given yourself a change of venue yet?  We've said it before, but it bears repeating - you wouldn't be able to run your car indefinitely and expect great performance without refueling it and changing the oil - why would you try to run yourself that way?  At some point you have to work on maintaining or rebuilding your personal production capacity, and it helps to have a change of venue.  You need fresh scenery, a change in schedule, the potential for new contacts - and REST.

With all of the hectic scheduling, deadlines, and multi-tasking much of the workforce faces it takes a force of will to choose to get away.  Moreover, a 2013 report by the Center for Economic and Policy Research said that almost a quarter of workers in the U.S. get no paid time off.  And that number goes up to around 30% in small businesses.  So that means that a lot of people are having to sacrifice income for vacation, or they are forced to grab their time away in small snatches of time over the weekends. Or they don't take a break from the daily grind - ever.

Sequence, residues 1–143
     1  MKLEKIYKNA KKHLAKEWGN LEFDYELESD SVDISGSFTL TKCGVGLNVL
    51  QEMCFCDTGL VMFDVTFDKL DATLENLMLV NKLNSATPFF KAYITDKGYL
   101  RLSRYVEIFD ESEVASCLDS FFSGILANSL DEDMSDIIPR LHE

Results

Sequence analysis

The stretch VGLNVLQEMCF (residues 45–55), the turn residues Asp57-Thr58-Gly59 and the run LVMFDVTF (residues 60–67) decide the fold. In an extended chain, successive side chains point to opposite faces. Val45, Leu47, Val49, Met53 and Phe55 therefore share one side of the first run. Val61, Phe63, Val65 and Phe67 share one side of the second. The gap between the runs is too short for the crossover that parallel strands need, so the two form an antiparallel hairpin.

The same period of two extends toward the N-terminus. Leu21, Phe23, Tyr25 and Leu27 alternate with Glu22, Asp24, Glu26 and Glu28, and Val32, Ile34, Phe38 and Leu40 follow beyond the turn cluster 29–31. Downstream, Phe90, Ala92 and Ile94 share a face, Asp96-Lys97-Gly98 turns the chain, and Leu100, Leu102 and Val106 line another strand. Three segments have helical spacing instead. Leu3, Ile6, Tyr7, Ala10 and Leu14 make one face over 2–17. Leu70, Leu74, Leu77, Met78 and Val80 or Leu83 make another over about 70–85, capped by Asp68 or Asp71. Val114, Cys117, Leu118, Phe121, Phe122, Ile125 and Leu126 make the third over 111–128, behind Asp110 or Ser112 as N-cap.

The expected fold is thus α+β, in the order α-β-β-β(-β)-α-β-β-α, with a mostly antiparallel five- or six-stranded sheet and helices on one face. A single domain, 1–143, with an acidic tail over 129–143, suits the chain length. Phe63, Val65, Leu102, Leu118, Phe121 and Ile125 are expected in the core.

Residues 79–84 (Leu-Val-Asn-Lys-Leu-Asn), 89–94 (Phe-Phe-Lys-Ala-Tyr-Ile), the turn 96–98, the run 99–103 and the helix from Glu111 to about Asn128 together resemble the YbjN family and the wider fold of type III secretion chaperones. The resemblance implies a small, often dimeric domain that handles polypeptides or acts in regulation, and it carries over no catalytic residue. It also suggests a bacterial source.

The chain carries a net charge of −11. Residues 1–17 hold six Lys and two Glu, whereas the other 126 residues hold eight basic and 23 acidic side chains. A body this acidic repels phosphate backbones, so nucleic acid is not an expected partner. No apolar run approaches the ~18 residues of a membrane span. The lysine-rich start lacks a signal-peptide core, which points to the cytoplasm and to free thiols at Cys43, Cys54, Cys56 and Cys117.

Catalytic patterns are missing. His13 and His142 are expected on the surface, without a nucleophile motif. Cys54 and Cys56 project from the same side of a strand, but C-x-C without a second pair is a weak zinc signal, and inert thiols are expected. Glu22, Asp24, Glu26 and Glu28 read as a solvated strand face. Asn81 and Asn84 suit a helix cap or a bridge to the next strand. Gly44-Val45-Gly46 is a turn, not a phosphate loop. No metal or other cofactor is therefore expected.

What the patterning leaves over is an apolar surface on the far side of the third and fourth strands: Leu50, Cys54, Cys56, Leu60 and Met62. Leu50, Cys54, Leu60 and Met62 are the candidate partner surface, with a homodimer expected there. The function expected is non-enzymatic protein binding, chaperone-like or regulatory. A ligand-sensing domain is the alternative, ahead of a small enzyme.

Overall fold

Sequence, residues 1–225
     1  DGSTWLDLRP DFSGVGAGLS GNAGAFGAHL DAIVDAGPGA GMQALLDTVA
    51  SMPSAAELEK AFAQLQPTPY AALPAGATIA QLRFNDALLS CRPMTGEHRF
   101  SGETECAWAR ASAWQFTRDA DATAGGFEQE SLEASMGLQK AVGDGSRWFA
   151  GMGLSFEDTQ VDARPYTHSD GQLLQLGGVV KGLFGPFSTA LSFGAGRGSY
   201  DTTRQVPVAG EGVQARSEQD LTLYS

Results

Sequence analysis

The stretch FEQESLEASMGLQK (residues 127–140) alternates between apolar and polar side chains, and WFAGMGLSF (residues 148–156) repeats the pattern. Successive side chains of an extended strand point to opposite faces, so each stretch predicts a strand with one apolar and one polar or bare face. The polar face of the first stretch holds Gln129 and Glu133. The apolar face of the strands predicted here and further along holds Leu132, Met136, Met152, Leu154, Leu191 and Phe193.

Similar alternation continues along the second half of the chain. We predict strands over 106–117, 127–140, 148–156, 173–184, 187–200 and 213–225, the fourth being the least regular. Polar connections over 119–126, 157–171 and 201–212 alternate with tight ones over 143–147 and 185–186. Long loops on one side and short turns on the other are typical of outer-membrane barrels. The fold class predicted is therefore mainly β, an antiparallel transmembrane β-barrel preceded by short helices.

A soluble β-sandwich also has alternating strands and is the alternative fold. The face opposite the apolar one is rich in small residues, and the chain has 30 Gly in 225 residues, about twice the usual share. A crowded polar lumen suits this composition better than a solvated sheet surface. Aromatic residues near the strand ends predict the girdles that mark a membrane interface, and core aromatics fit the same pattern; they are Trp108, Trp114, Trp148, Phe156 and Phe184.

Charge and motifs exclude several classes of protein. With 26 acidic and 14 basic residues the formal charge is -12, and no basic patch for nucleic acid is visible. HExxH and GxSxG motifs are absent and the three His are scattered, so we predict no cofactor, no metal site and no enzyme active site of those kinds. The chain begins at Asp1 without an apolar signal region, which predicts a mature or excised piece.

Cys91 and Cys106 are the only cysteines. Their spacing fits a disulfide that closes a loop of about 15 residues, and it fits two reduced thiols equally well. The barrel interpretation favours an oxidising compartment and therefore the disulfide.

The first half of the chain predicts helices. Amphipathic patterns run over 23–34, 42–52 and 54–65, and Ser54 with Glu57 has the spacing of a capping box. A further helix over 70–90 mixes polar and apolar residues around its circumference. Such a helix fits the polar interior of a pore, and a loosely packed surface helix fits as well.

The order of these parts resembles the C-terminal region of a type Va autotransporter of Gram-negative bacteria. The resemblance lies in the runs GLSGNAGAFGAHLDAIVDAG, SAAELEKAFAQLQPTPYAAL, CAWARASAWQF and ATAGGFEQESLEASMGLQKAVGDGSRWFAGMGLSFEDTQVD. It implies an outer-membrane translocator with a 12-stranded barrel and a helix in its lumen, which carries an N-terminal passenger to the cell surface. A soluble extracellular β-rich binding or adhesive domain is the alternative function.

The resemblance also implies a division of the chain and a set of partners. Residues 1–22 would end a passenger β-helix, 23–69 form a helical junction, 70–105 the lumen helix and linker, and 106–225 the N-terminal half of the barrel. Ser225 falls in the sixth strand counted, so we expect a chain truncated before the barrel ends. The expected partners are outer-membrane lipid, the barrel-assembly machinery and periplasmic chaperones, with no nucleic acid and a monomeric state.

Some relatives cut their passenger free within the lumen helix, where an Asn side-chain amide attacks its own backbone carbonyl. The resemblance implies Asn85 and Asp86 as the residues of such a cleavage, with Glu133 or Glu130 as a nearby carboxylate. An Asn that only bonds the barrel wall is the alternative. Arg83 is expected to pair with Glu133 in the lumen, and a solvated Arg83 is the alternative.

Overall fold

How long does it take you to kick back and recharge the batteries? A weekend away can be refreshing here and there, but it takes a week for many people to really relax.  Time away involves the preparation, the packing, getting there, unpacking, orienting - and then the relaxing.  On a week-long vacation by Thursday morning many folks are starting to anticipate the dismount:  repacking, reloading, traveling home, unpacking, laundering, grocery shopping to refill the fridge, picking up pets at the kennel, and the zillions of other tasks associated with getting back into the groove.  So it takes a 7-day vacation to get 4-1/2 really relaxing days that are free of logistics.  

Do you ever talk about how much time it would take for your favorite vacation spot to become routine, hum-drum, etc.  Our next goal is to have a two-week (concurrent) stay, and at some point test a summer at the beach - uninterrupted.  How cool to be there long enough in one stretch to test your tolerance for kicking back and listening to the surf and seagulls!

It's a different type of relaxation when you're exploring new turf - touring abroad or visiting a site that's new to you.  This is more about expanding your thinking rather than suspending it (or allowing room for it to drift on its own).  The explorer vacation or educational vacation stimulates, builds new connections, uncovers new skills perhaps.  

If you're reading this post and you're a person who has left vacation days untapped and unused from one year to the next, shame on you!  Yes, we're sure you're indispensable, but regardless of whether you could be choosing to delegate, if you're not giving yourself a periodic change of venue you're not only cheating yourself of benefits you've earned - you're not operating at your optimum level.  Simple as that.  So git!  Skedaddle!  Vacate!